Friday November 20, 2009 | by intern

Glass reflects the multi-faceted relationship between Native American and European cultures

FILED UNDER: Exhibition, New Work, News

AT LEFT: Marcus Amerman, Glass Horse Mask, 2008. Multicolored glass. RIGHT: Tammy Garcia and Preston Singletary, Night Hunter (from "Visions in Glass III"), 2009. Blown and cold-worked glass.

As has been reported in the Hot Sheet, some of the top sellers at this year’s SOFA Chicago were collaborative works that paired Tammy Garcia and Preston Singletary—a dialogue, let’s call it, between a ceramicist and glass maker. Both artists are of Native American descent and inspired by tribal forms and motifs: from Pueblo traditions, in the case of Garcia, and Tlingit in the case of Singletary. Their most recent “Visions in Glass III” series is firmly rooted in these traditions, seemingly distanced from contemporary art forms and themes. The use of blown glass, however, a technique and material perfected in Europe, is a decidedly untraditional twist, although if one looks at the historic relationship between Native American tribal art and European materials and technology, it can be seen as only the latest in a long history of technological exchange through art.

Though encounters between Native American people and the European newcomers were usually fraught and often-disastrous, a more nuanced relationship quickly developed between the cultures in the realm of visual arts, which developed practically upon first contact. Native American artists starting using European glass seed beads in their beadwork as early as the 16th century, adding this decidedly non-organic medium to their repertoire of bone, shell, and stone. Perhaps we can see Garcia and Singletary as referencing this history of interaction by the very collaborative nature of their process, as well as in material. The use of European chemical dyes, for example, helped to fuel bold new designs for woven textiles, which were eagerly purchased by European buyers, and we can see this fascination with the exotic qualities of tribal art continuing in the strong demand for Garcia and Singletary’s work.

There is a certain irony, however, to the pair’s using glass, to produce their forms. And that, if nothing else, makes the Garcia/Singletary work contemporary: it deals with issues of identity in a way that isn’t immediately perceptible. For a contrast, one might compare the Visions in Glass series with Marcus Amerman’s glass mask pictured above, which is included in a new exhibition at the Smithsonian’s Museum of American Art. Taking the form of a horse’s head, the mask is abstract in a way that more obviously cites modernism, with its crisp lines and patches of highly saturated color. For Garcia and Singletary, the use of glass is a subtle yet powerful bid that positions their work firmly in a contemporary setting even as it references traditional iconography and designs.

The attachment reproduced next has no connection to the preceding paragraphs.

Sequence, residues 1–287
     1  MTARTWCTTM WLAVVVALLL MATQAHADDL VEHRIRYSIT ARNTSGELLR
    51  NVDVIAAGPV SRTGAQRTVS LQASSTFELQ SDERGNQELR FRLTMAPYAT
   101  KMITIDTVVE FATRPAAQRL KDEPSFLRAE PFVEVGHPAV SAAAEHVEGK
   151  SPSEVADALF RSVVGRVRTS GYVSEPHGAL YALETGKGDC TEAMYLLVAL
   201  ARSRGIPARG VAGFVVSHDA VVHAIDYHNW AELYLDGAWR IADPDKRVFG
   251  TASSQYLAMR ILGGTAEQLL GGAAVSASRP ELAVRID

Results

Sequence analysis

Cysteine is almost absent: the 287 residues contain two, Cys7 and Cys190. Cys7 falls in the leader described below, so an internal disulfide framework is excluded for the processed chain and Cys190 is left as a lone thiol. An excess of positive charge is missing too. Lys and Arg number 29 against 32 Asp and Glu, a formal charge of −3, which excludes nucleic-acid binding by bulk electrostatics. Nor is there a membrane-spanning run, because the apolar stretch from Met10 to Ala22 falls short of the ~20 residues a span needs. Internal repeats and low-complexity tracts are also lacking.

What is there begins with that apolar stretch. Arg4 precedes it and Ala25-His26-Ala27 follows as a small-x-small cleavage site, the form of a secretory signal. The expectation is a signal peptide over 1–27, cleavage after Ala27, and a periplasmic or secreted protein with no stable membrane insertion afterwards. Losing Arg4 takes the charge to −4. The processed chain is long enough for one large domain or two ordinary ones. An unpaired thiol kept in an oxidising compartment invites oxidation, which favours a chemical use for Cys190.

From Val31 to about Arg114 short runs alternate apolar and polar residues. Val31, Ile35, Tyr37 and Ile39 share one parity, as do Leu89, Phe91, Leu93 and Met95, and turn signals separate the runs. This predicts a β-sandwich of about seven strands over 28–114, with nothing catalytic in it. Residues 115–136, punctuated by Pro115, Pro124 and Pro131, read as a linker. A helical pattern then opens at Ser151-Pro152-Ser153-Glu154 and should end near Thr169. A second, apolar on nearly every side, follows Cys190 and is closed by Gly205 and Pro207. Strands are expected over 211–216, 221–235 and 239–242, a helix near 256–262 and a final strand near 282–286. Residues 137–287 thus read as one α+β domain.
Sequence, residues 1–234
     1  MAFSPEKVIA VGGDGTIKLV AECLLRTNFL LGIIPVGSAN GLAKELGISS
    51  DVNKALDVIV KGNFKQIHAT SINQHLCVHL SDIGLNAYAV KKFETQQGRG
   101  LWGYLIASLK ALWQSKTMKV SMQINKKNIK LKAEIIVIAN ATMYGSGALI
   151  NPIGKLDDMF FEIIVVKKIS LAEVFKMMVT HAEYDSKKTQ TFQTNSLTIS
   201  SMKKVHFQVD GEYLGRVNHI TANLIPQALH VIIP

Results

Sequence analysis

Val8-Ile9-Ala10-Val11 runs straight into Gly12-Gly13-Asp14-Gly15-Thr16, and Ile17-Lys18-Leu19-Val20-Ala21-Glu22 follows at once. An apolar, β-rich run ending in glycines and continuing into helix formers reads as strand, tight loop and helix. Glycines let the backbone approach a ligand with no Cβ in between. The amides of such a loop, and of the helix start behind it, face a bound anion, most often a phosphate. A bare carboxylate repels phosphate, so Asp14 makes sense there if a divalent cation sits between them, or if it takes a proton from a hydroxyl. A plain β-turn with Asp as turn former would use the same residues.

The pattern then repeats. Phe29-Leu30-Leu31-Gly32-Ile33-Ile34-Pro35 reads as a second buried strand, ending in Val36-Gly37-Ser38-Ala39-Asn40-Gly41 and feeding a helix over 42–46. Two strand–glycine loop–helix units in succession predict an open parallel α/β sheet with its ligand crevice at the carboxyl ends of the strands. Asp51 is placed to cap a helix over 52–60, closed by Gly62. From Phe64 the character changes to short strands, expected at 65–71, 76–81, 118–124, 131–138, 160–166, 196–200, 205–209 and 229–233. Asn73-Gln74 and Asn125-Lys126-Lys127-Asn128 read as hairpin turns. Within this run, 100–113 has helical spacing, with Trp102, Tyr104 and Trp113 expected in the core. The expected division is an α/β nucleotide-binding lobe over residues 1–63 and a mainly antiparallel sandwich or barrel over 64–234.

This seems to be Singletary’s year. In addition to the success at SOFA, a mid-career survey showcasing his virtuosic forms opened last summer at the Museum of Glass in Tacoma. This rise is hardly unexpected; Singletary was one of four significant contemporary Native American artists examined in the Summer 2004 issue of the print edition of GLASS: The UrbanGlass Art Quarterly, in a feature called “Vision Quest,” by Matthew Kangas. In the article, Kangas wrote, “Singletary has done the least to relate his art to any other contemporary art attitudes. Perhaps that is part of his appeal.” To put a finer point on it, perhaps Singletary’s appeal is that the connection between his art and contemporary art attitudes is complicated.

Analisa Coats Bacall

Glass: The UrbanGlass Quarterly, a glossy art magazine published four times a year by UrbanGlass has provided a critical context to the most important artwork being done in the medium of glass for more than 40 years.